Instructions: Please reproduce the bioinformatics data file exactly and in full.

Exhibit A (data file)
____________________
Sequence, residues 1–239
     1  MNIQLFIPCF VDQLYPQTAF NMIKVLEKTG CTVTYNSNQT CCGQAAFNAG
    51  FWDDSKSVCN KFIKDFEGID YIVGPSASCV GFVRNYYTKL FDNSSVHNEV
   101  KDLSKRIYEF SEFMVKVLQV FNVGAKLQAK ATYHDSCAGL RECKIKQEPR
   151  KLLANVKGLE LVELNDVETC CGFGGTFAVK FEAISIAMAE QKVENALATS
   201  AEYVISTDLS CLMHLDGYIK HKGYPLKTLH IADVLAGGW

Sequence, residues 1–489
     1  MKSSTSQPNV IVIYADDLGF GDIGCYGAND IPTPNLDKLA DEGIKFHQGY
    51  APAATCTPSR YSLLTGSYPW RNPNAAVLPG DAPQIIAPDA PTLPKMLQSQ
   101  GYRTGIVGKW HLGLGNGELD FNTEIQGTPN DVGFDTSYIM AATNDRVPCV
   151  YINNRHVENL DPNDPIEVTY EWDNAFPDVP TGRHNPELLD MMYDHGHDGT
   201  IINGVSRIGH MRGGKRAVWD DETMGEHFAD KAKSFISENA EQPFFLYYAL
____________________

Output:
Sequence, residues 1–239
     1  MNIQLFIPCF VDQLYPQTAF NMIKVLEKTG CTVTYNSNQT CCGQAAFNAG
    51  FWDDSKSVCN KFIKDFEGID YIVGPSASCV GFVRNYYTKL FDNSSVHNEV
   101  KDLSKRIYEF SEFMVKVLQV FNVGAKLQAK ATYHDSCAGL RECKIKQEPR
   151  KLLANVKGLE LVELNDVETC CGFGGTFAVK FEAISIAMAE QKVENALATS
   201  AEYVISTDLS CLMHLDGYIK HKGYPLKTLH IADVLAGGW

Sequence, residues 1–489
     1  MKSSTSQPNV IVIYADDLGF GDIGCYGAND IPTPNLDKLA DEGIKFHQGY
    51  APAATCTPSR YSLLTGSYPW RNPNAAVLPG DAPQIIAPDA PTLPKMLQSQ
   101  GYRTGIVGKW HLGLGNGELD FNTEIQGTPN DVGFDTSYIM AATNDRVPCV
   151  YINNRHVENL DPNDPIEVTY EWDNAFPDVP TGRHNPELLD MMYDHGHDGT
   201  IINGVSRIGH MRGGKRAVWD DETMGEHFAD KAKSFISENA EQPFFLYYAL